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One bit memory cell (or Basic Bistable element)

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  • Difficulty Level : Basic
  • Last Updated : 07 Feb, 2023
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A One Bit Memory Cell (also known as a Basic Bistable Element) is a digital circuit that can store a single bit of information. It is a type of sequential circuit that can hold its state until a new input signal is received, causing the state to change. One Bit Memory Cells are used in digital systems as temporary storage elements and are the building blocks of more complex sequential circuits such as flip-flops, latches, and state machines.

There are two types of One Bit Memory Cells:

  1. SR (Set-Reset) Flip-Flops: The SR flip-flop is a type of One Bit Memory Cell that has two inputs, S (Set) and R (Reset). The S input sets the output to 1, while the R input resets the output to 0. When both S and R are at 1, the flip-flop is in an “undefined” state.
  2. D (Data) Flip-Flops: The D flip-flop is a type of One Bit Memory Cell that has two inputs: D (Data) and a clock signal. The output of the flip-flop follows the input at the D terminal as long as the clock signal is high. When the clock signal goes low, the output of the flip-flop is stored and held until the next rising edge of the clock.
  3. One Bit Memory Cells are widely used in digital systems for various applications, including data storage, control circuits, and state machines. They are often used in combination with other digital circuits to implement sequential circuits, such as memory elements and state machines.

In summary, One Bit Memory Cells (also known as Basic Bistable Elements) are digital circuits that store a single bit of information and hold its value until it is updated by new input signals. There are two types of One Bit Memory Cells: SR (Set-Reset) Flip-Flops and D (Data) Flip-Flops, and they are widely used in digital systems for various applications.

One Bit memory cell is also called Basic Bistable element. It has two cross-coupled inverters, 2 outputs Q and Q’. It is called “Bistable” as the basic bistable element circuit has two stable states logic 0 and logic 1. The following diagram shows the Basic Bistable element:

(A) when A=0,
(i) In inverter1, Q = A'= B= 1
(ii)In inverter2, Q' = B' = A = 0

(B) when A=1,
(i) In inverter1, Q = A'= B= 0
(ii)In inverter2, Q' = B' = A = 1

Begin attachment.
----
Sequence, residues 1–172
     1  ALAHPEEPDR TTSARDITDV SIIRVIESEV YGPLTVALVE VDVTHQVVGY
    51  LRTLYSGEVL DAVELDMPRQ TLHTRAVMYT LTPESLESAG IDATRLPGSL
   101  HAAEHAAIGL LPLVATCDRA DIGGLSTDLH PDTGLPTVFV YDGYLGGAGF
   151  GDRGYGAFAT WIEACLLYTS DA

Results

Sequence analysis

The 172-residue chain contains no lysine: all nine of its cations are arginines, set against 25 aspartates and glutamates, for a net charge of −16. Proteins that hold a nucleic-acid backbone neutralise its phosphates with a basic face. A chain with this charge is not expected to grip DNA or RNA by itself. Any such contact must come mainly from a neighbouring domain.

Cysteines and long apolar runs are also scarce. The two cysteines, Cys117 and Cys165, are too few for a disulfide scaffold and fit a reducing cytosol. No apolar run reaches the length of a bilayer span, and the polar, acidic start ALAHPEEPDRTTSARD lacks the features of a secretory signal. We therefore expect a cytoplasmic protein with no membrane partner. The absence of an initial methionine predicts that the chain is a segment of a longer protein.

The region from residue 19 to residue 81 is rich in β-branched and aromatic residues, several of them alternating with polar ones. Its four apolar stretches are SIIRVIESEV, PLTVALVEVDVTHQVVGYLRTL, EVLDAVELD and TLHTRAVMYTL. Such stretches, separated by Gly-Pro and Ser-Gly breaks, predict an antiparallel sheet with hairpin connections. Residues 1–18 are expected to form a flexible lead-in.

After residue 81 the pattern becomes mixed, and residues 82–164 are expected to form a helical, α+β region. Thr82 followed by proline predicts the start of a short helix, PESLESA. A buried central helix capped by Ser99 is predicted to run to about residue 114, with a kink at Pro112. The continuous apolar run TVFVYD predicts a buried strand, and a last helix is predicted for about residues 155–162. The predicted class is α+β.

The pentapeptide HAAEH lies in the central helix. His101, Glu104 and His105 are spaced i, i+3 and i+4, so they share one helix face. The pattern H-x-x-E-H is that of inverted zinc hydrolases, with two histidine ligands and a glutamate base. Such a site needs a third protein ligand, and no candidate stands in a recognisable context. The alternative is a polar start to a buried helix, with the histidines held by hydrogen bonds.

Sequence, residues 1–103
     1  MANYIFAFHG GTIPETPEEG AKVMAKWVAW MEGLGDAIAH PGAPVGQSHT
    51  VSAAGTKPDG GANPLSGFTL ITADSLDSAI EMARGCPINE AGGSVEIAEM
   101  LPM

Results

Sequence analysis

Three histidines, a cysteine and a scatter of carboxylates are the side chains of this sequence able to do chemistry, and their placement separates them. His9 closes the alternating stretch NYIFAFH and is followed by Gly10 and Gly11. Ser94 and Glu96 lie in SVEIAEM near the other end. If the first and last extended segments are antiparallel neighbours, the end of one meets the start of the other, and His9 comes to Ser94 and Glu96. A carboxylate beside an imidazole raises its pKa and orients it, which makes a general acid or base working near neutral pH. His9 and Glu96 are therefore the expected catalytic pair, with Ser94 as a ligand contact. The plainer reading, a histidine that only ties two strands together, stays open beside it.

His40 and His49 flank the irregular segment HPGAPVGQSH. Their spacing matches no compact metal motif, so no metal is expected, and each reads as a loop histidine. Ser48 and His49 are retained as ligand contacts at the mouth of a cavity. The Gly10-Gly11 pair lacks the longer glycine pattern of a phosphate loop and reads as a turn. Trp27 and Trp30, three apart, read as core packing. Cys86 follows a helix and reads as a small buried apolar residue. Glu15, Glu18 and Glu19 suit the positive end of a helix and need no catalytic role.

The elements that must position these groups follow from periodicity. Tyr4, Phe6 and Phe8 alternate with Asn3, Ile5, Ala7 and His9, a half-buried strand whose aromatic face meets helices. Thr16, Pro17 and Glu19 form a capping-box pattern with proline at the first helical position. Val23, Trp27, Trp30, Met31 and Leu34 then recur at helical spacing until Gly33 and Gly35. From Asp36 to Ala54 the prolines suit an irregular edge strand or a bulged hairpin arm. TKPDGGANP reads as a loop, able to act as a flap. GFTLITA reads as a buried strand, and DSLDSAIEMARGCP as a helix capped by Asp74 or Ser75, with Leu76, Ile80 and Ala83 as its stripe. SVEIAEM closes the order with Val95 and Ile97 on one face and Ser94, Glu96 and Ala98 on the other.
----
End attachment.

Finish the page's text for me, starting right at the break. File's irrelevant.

Some key points:

  1. The 2 outputs are always complementary.
  2. The circuit has 2 stable states. when Q=1, it is Set state. when Q=0, it is Reset state.
  3. The circuit can store 1-bit of digital information and so it is called one-bit memory cell.
  4. The one-bit information stored in the circuit is locked or latched in the circuit. This circuit is also called Latch.

One-bit six transistor SRAM memory cell is volatile. Fast switching speed is its main advantage. It needs a constant power supply because of its volatility. The demand for faster and denser memory devices has seen memristors being proposed as replacements for flash memory, Static Random Access Memory (SRAM) and Random Access Memory (RAM). The most salient feature of memristors is its resistive switching ability that can retain resistance states for long periods despite without power supply. The One-bit non-volatile memory cell can be designed using transmission gates and memristor. Memristive devices have high switching speed, low energy consumption, non-volatile and small device size. The non-volatility of memristor used in designs as the information storage element provides retention ability of up to 10 years in the absence of power supply. The transmission gates used ensures that voltage is not lost through other components of the memory cell, thus improves the switching speed by providing a larger potential difference across the memristor. Other advantages of using memristors in memory devices are its long retention period, excellent endurance properties, and good scalability compared to NAND-based flash memory devices. Reference: DIGITAL ELECTRONICS – Atul P. Godse, Mrs. Deepali A. Godse IEEE XPLORE, Digital library – One-bit non-volatile memory cell using memristor and transmission gates.

Advantages of One Bit Memory Cells:

  1. Simplicity: One Bit Memory Cells are simple digital circuits that only require a few transistors to implement. This makes them inexpensive and easy to design.
  2. Flexibility: One Bit Memory Cells can be used in a variety of applications, from data storage to control circuits and state machines.
  3. Speed: One Bit Memory Cells can operate at high speeds, making them suitable for use in high-speed digital systems.
  4. Low Power Consumption: One Bit Memory Cells consume relatively low power, making them ideal for use in battery-powered or low-power applications.

Disadvantages of One Bit Memory Cells:

  1. Limited Storage Capacity: One Bit Memory Cells can only store a single bit of information, making them unsuitable for applications that require more storage capacity.
  2. Complexity: When used in complex sequential circuits, One Bit Memory Cells can become more complex and difficult to design, reducing their overall reliability and stability.
  3. Cost: As the number of transistors required to implement One Bit Memory Cells increases, the cost of the circuit can become more expensive.


  1. “Digital Design Principles and Practices” by John F. Wakerly.
  2. “Digital Systems Design Using VHDL” by Charles H. Roth, Jr. and Lizy K. John.
  3. “Digital Circuit Design: An Introduction to the Design of Digital Integrated Circuits” by Mark Burns and Gordon Roberts.
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